Publications (3)9.28 Total impact
Article: Proteomic changes at 8 weeks after infection are associated with chronic liver pathology in experimental schistosomiasis.[show abstract] [hide abstract]
ABSTRACT: Chronic Schistosoma mansoni infection can present as a moderate or severe disease, termed intestinal or hepatosplenic schistosomiasis, respectively. Similarly, either moderate splenomegaly or hypersplenomegaly syndrome develops in CBA/J mice by 20weeks of infection and is similar to intestinal or hepatosplenic schistosomiasis respectively. Using this mouse model and two-dimensional differential in gel electrophoresis, the liver proteomic signatures of uninfected mice and mice infected for 6, 8, 12, or 20weeks were compared, and significant protein spots identified using mass spectrometry. We found the greatest number of changes at 12weeks suggesting that this period represents the peak time of change. Pathway analysis identified specific proteins and pathways that correlated to the pathological changes indicative of severe disease, and these pathways were involved as early as 8weeks after infection. These findings provide insight into the development of severe liver pathology in schistosomiasis and may aid in developing biomarkers for hepatosplenic schistosomiasis.Journal of proteomics 03/2012; 75(6):1838-48. · 5.07 Impact Factor
Article: Identification of cytokeratin 18 as a biomarker of mouse and human hepatosplenic schistosomiasis.[show abstract] [hide abstract]
ABSTRACT: Previously, we demonstrated unique protein expression patterns in 20-week-Schistosoma mansoni-infected CBA/J mice with moderate splenomegaly syndrome (MSS) or hypersplemomegaly syndrome (HSS). To better understand the development of severe pathology, we compared the two-dimensional differential in-gel electrophoresis (2D-DIGE) proteomic signatures of livers from uninfected mice and mice infected for 6, 8, 12, or 20 weeks and found significant changes in collagen isoforms, interleukin-2 (IL-2), cytokeratin 18, hydroxyproline, S. mansoni phosphoenolpyruvate carboxykinase, major urinary protein isoforms, and peroxiredoxin 6. Cytokeratin 18, hydroxyproline, and connective tissue growth factor (CTGF) were chosen for analysis in mouse and human sera using targeted biochemical assays. Consistent with the liver analysis, cytokeratin 18, CTGF, and hydroxyproline were significantly elevated in sera from mice with HSS compared to those from uninfected mice or mice with MSS. Moreover, cytokeratin 18 and CTGF were found to be markers for subjects with hepatosplenic and intestinal schistosomiasis, respectively, while serum hydroxyproline was a strong indicator of fibrosis for severe HS. These findings indicate that schistosome-associated changes to the liver can be detected in the serum and reveal the potential for cytokeratin 18 to be used as a diagnostic marker for early detection of hepatosplenic schistosomiasis.Infection and immunity 02/2011; 79(5):2051-8. · 4.21 Impact Factor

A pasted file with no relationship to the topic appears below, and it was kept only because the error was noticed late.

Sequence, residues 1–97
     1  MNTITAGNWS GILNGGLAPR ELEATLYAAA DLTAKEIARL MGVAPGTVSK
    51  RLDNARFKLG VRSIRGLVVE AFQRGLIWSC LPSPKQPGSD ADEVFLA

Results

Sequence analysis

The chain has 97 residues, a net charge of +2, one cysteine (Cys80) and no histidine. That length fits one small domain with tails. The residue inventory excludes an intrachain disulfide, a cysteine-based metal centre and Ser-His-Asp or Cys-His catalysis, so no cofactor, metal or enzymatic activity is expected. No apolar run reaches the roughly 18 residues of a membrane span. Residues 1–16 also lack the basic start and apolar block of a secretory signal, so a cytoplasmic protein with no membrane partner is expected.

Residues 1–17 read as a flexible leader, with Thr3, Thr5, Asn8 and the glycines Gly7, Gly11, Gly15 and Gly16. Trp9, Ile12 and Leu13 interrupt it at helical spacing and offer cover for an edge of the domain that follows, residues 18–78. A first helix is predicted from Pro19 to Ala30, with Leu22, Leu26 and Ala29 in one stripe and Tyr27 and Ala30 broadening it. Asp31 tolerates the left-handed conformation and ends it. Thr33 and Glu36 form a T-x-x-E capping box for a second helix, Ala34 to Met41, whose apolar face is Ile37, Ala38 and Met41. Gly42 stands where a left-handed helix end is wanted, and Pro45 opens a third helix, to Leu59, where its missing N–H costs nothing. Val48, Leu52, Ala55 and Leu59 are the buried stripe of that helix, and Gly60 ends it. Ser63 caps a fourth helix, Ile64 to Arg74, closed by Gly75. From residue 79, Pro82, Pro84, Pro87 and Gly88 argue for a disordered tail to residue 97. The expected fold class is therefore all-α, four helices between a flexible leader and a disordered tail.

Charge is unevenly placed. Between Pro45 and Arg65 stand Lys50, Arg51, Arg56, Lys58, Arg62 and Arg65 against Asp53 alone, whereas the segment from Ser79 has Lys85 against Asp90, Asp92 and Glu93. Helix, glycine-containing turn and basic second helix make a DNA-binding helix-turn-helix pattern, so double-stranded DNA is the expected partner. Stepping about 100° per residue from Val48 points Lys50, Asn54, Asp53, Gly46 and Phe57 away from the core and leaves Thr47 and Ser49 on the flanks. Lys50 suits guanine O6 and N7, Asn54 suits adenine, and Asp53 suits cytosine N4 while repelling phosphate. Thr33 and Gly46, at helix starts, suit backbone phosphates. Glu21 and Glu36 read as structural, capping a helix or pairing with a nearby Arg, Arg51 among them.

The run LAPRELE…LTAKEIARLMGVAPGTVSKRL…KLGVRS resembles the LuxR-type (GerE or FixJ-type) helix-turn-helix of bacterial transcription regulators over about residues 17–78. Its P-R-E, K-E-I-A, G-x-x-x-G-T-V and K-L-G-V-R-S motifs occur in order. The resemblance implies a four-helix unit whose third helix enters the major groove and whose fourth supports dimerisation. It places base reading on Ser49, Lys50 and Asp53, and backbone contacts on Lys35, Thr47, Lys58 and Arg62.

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ABSTRACT: Chronic schistosomiasis presents with either a moderate or a severe form, termed intestinal (INT) or hepatosplenic (HS) schistosomiasis, respectively. The Schistosoma mansoni-associated hepatomegaly is estimated in 8.5 million people and ultimately results from liver granulomas induced by trapped parasitic eggs. The CBA/J mouse model replicates these two human disease forms and was used to understand the progressive pathology that leads to HS and to identify potential biomarkers. In this model 20% of infected mice spontaneously develop hypersplenomegaly syndrome (HSS) by 20 weeks of infection while the remaining 80% develop moderate splenomegaly syndrome (MSS). Using this model, we compared the liver protein patterns of control mice and mice infected for 6, 8, 12, or 20 (MSS and HSS) weeks. Two-dimensional differential in gel electrophoresis (2D-DIGE) was used to identify protein pattern variations and protein spots were identified using matrix adsorption laser desorption ionisation-time of flight (MALDI-TOF) mass spectrometry. In the first experiment, we found 124 protein spot unique changes for MSS and HSS compared to control mice of which 80 were identified and 35 changes were specific for HSS. In the second experiment, comparison between various time points with control mice revealed 76 significant protein spot changes of which 44 were identified using MALDI-TOF mass spectrometry. Importantly, we found that the abundance of liver keratin D, transferrin isoforms, collagen isoforms, hydroxyproline and Schistosoma mansoni-phosphoenolpyruvate carboxykinase increased while epoxide hydrolase isoforms, peroxiredoxin 6 and major urinary protein (MUP) isoforms decreased significantly with infection. To verify the changes in the liver 2D-DIGE analysis, candidate liver protein markers were measured in mouse serum using targeted biochemical assays. The mouse serum analysis showed MUP levels were decreased, while transferrin, connective tissue growth factor (CTGF), keratin D, hydroxyproline were increased in HSS mice compared to control mice or MSS mice supporting the liver 2D-DIGE analysis. Using targeted assays, serum samples from INT and HS patients were tested for the candidate liver protein markers: keratin D, CTGF, hydroxyproline and transferrin. The human serum analysis showed keratin D levels increased for HS compared to INT and normal sera. The CTGF levels were high in INT compared to HS and normal sera, while transferrin remained unchanged in INT and HS similar to normal sera. Additionally, in severe HS disease, serum hydroxyproline emerged as a strong indicator of fibrosis. We believe that these findings will have direct value in the development of diagnostic tools for early detection of hepatosplenic schistosomiasis in humans.